Synced brainwaves reveal if students like class

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To see if students actually enjoy a class—and get along with their classmates—check their brainwaves, a new study suggests.

“How well our brainwaves sync up with those of another person appears to be a good predictor of how well we get along and how engaged we are,” explains lead author Suzanne Dikker, a research scientist at New York University’s psychology department and Utrecht University in the Netherlands. “Overall, our findings suggest that brain-to-brain synchrony is a possible neural marker for everyday social interactions.”

In a departure from standard experimentation, the scientists followed a group of 12 high school students and their teacher for an entire semester and recorded their brain activity during their regular biology classes using portable electroencephalogram (EEG) technology.

EEG headset on student
A student wears portable electroencephalogram (EEG) technology. (Credit: Diane Quinn)

“The study offers a promising new method to investigate the neuroscience of group interactions,” adds senior author David Poeppel, a professor in the university’s department of psychology and Center for Neural Science, as well as director of the Max Planck Institute for Empirical Aesthetics in Frankfurt.

Previous studies have typically measured single individuals or one-on-one interactions in highly controlled laboratory settings. By contrast, this work, appearing in the journal Current Biology, gauged dynamic social interactions in a complex group setting outside of the laboratory, shedding light on the role of brain synchrony in a more natural environment.

“The study is groundbreaking in the sense that we studied how the brain works in the real world rather than in a well-controlled laboratory environment,” explains Mingzhou Ding, professor of biomedical engineering at the University of Florida. “The implications for social science and for education are enormous.”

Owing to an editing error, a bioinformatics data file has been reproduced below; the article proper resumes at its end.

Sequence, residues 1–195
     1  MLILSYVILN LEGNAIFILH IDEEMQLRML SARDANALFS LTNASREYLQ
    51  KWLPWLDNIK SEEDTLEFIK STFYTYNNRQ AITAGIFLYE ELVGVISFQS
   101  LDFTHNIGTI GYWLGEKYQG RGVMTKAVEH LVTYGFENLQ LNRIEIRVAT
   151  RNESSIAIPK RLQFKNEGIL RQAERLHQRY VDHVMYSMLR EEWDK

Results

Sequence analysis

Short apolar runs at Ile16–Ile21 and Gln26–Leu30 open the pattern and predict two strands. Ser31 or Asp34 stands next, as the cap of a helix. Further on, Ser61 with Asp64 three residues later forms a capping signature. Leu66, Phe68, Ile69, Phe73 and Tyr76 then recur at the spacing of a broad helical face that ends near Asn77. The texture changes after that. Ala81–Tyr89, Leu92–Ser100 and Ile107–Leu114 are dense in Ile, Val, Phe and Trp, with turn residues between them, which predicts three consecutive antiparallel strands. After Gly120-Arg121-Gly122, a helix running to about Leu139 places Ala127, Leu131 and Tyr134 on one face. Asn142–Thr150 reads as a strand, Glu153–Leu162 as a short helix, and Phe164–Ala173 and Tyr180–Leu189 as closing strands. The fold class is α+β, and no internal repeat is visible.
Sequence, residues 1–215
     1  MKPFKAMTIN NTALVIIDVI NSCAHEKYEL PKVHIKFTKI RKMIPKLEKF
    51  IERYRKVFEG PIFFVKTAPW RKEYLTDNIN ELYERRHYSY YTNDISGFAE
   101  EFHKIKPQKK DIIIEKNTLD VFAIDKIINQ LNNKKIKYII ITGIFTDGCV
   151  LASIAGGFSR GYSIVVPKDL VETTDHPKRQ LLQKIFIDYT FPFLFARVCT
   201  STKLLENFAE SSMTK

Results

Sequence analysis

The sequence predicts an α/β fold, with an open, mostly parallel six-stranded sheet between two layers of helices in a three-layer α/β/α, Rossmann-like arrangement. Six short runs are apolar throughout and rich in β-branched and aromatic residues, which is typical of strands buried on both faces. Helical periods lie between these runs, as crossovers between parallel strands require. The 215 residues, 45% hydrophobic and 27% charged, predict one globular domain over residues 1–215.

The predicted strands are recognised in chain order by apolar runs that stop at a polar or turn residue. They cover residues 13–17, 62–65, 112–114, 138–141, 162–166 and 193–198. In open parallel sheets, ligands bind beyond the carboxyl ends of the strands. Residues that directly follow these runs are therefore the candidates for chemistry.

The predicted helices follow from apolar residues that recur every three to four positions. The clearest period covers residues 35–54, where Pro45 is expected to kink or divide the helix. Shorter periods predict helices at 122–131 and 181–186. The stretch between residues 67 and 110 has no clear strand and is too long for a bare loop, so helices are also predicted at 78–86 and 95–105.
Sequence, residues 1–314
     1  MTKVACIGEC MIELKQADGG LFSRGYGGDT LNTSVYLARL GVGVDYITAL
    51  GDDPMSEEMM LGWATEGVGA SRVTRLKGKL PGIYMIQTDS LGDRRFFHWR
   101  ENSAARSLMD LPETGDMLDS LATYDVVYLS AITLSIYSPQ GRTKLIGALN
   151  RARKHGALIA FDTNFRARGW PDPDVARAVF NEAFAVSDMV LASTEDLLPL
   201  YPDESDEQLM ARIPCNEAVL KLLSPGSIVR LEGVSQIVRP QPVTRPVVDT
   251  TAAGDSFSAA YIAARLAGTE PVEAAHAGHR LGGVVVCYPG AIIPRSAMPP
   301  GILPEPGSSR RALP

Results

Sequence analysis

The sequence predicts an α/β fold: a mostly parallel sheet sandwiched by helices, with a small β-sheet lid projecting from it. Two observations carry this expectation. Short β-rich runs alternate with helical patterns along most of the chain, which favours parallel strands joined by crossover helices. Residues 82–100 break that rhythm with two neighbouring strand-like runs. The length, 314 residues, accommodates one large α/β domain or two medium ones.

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Using low-cost, portable brain recording equipment, the researchers compared the EEG readings of the students to each other. Then, researchers explored the factors that might predict the level of synchronized brain activity between students with their self-reports on classroom engagement (e.g., students’ appreciation ratings of different teaching styles and their day-to-day focus level) and measures of classroom social dynamics: Students were not only asked how much they liked each other and the teacher, but also reported how much they liked group activities in general. Both classroom engagement and social dynamics have been shown to be critical for learning.

The results showed a positive correlation between a student’s ratings of the course and the student’s brain synchrony with her classmates as a group—in other words, the more a student’s brain waves were in sync with the those in the classroom as a whole, the more likely she was to give the course a favorable rating.

Similarly, the greater the synchrony between an individual student and her classmates, the more likely they were to give positive ratings to the instructor’s teaching style.

The researchers also examined whether or not brain-to-brain synchrony reflected how much students like each other. To do this, students reported how personally close they were to other individuals in the class.

Specifically, they found that pairs of students who felt closer to each other were more in sync during class, but only if they had interacted with each other face-to-face immediately before class. This suggests that having face-to-face interaction right before sharing an experience matters, the researchers conclude, even if you’re not directly interacting during that experience (like watching a video). Finally, students who considered group activities important in their lives, exhibited higher synchrony with their classmates.

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The mechanism underpinning the observed brain-to-brain synchronization is likely to be shared attention, the authors posit, and this new approach provides a quantitative means to measure the factors that mediate social cohesion in groups.

The National Science Foundation and a Netherlands Organization for Scientific Research Award supported the research.

Source: New York University